Undergraduate students have the option of working on an independent research course under the supervision of a faculty member. Often, research undertaken for a course leads to a greater interest in the subject, and students engage in an independent research project to probe deeper. Other students pursue their passion on a subject they did not get a chance to study in a course. Independent research helps hone research and writing competencies and helps develop essential skills for graduate study.
Participation in either of these independent research courses also opens the valuable opportunity for students to present their research at the Inquiry @ Queen’s Conference. The I@Q Conference is held annually to celebrate undergraduate research and offers a rewarding opportunity to share your scholarly and creative research alongside your undergraduate peers from a variety of disciplines.
HIST 515: Independent Study Project (6.0 units)
This course provides an opportunity to delve deeper into a research interest developed in a course or to pursue a theme not covered in a course. Some students with a clear idea of what they wish to pursue in graduate history studies have also found HIST 515 useful, but it is by no means required for admittance to graduate school.
Available to fourth-year students taking a major or a medial concentration in History who have maintained a GPA of 3.30. The research paper must be based on independent research involving the use of primary and secondary sources. The instructor may assign additional assessments to assist the student in producing the final paper. Students must obtain the approval of the supervising instructor and of the Undergraduate Committee for any project submitted.
HIST 515 satisfies 6.0-units towards the Option 2A requirement on SOLUS.
HIST 517: Independent Study Project (3.0 units)
This course may be either a one semester research course involving the use of primary and secondary sources, or a more broadly conceived independent reading program. Students must obtain the approval of the supervising instructor and of the Undergraduate Committee.
HIST 517 satisfies 3.0-units towards the Option 2A requirement on SOLUS.
How to Apply
In the spring before your final undergraduate year, find an instructor capable and willing to supervise your topic. You will craft a proposal for your topic, consisting of a bibliography and proposed course of research. Your enrollment in this course is conditional upon the approval of your research proposal by the department’s Undergraduate Committee.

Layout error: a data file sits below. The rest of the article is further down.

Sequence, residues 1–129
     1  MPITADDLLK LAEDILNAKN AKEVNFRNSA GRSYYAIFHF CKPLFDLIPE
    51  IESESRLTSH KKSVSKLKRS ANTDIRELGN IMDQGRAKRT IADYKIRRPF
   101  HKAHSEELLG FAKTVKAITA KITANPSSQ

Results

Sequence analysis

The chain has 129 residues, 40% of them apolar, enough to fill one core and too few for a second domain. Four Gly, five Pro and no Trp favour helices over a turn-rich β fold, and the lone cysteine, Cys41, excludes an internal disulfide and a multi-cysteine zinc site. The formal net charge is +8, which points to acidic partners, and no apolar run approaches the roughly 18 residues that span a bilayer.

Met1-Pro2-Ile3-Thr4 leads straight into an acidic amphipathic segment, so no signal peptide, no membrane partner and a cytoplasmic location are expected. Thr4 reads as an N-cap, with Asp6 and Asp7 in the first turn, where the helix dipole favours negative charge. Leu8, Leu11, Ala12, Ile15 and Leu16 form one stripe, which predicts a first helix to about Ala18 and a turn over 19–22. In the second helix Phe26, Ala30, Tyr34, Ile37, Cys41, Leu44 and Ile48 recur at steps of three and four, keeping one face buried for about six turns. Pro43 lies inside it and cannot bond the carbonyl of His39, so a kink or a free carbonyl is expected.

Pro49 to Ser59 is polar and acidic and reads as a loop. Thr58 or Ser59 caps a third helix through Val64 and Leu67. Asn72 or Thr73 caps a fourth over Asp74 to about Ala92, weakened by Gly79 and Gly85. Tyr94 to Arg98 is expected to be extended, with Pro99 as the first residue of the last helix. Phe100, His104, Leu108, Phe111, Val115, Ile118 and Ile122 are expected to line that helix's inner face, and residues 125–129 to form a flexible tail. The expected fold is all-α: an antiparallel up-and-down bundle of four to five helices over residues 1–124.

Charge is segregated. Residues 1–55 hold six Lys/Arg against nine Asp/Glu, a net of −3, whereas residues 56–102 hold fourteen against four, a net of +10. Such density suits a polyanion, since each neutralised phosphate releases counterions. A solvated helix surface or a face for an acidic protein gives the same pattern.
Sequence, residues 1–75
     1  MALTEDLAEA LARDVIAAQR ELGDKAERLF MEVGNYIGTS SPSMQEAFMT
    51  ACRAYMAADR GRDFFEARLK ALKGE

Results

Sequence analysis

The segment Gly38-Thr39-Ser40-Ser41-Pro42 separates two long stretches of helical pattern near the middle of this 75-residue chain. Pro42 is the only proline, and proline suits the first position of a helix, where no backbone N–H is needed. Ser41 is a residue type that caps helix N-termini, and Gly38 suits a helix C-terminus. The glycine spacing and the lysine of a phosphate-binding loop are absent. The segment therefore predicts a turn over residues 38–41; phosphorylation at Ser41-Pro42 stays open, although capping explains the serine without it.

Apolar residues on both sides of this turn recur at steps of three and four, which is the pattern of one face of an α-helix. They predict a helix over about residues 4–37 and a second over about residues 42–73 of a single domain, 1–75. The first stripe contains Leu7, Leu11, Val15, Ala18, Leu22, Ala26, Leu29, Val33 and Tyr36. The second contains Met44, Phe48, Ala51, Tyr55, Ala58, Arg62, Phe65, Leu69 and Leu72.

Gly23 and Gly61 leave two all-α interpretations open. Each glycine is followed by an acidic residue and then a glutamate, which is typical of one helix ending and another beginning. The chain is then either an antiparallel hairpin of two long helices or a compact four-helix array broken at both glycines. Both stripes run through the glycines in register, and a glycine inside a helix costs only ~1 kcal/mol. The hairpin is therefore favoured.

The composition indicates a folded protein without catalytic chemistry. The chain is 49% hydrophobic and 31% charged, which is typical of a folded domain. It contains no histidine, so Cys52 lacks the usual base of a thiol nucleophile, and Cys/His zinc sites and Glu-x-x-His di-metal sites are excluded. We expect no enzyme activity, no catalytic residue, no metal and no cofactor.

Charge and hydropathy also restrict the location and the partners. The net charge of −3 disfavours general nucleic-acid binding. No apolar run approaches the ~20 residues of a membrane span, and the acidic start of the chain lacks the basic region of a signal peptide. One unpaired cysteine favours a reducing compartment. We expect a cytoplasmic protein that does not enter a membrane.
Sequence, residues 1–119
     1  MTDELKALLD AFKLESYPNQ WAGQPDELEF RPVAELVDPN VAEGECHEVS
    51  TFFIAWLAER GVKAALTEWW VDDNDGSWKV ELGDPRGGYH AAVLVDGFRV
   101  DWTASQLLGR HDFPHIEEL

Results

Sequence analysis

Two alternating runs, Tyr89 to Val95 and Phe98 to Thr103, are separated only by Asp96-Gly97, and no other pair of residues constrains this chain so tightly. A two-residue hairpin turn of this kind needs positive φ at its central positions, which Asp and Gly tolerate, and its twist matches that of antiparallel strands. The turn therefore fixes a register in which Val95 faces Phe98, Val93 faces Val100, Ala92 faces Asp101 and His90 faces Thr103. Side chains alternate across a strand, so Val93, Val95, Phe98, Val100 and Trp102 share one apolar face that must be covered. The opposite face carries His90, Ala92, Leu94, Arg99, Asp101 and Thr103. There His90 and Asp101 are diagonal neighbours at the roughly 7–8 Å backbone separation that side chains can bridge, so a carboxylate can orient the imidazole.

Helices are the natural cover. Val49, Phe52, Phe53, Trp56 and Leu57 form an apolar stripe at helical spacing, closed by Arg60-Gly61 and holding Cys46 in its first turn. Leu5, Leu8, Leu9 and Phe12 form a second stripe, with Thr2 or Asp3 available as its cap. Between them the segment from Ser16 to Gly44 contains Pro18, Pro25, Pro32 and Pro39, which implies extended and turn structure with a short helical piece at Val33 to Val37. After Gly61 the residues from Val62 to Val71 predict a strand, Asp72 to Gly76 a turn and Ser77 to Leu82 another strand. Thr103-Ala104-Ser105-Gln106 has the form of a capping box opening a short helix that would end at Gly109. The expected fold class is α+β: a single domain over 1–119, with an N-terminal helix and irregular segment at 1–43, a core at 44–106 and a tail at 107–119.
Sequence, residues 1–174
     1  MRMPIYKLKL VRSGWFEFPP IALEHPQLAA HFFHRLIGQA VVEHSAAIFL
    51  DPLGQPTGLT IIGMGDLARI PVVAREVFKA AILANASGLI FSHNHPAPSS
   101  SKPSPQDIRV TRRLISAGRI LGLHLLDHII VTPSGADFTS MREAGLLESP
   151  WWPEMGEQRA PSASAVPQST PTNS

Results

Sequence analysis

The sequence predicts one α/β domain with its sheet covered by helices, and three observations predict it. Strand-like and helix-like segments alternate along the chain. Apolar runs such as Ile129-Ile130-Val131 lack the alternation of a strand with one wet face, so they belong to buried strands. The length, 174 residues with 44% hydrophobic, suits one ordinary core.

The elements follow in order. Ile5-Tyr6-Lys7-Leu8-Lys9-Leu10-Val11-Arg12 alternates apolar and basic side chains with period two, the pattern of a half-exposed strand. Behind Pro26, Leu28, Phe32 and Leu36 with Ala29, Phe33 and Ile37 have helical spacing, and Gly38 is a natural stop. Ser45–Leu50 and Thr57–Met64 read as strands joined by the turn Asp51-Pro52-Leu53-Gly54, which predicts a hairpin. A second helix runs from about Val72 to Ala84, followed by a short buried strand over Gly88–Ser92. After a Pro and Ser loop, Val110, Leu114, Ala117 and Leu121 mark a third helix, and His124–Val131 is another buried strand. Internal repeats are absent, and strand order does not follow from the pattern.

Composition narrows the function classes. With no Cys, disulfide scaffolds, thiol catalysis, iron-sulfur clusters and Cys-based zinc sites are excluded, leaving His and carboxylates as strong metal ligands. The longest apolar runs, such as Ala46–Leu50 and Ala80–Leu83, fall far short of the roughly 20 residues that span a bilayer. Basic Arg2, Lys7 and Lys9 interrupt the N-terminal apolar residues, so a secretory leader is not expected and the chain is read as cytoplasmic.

An electronic copy (approved by your supervisor) must be submitted to the Undergraduate Chair at email@example.com by May 31 or August 15 (see below). Supervisors must email their approval to the Undergraduate Chair before the proposal is reviewed by the Undergraduate Committee. You will receive an email notification before the end of open enrollment regarding the status of your proposal.
May 31 is the deadline if you would like to be considered for the Prendergast-Rivard Studentship Award, which is given once a year to the best 515 thesis proposal. The award is very competitive.
August 15 is the regular deadline for applications to enroll in HIST 515 and 517.
November 15 is the deadline for applications to enroll in HIST 517 in the winter term.
If you have questions, please email firstname.lastname@example.org for assistance.
Guidelines for Proposals
The purpose of 500 Level Proposals is to ensure the Undergraduate Committee that students undertaking projects have set feasible goals for themselves. Proposals should demonstrate that students have both realistic research plans and essay topics in mind. The committee typically defers to the wisdom of the faculty advisor on History 500 level proposals. However, diffuse and rambling proposals, sweeping research agendas, and grandiose essay topics may prompt the Undergraduate Committee to recommend that the proposal be revised. Proposals for independent research projects need not be lengthy or detailed. However, they should incorporate the following basic elements.
The proposal should describe:
- the historical issue or problem to be addressed and its basic importance
- the basic ideas and hypotheses of the project
- the methods or approaches the student will use
- the body of materials that the student will draw on and the ease of access to the material
- how the project fits within the current literature in the field
(i.e. a brief summary of the relevant historiography that will inform or frame the study)
Project Proposals need not be longer than 4 pages, including the bibliography. The final bibliography will surely be longer than the one submitted for approval in September.
Typically, HIST 515 theses are 50 to 60 pages long, plus endnotes/footnotes and bibliography, and HIST 517 theses are expected to be 24-30 pages in length, plus endnotes/footnotes and bibliography.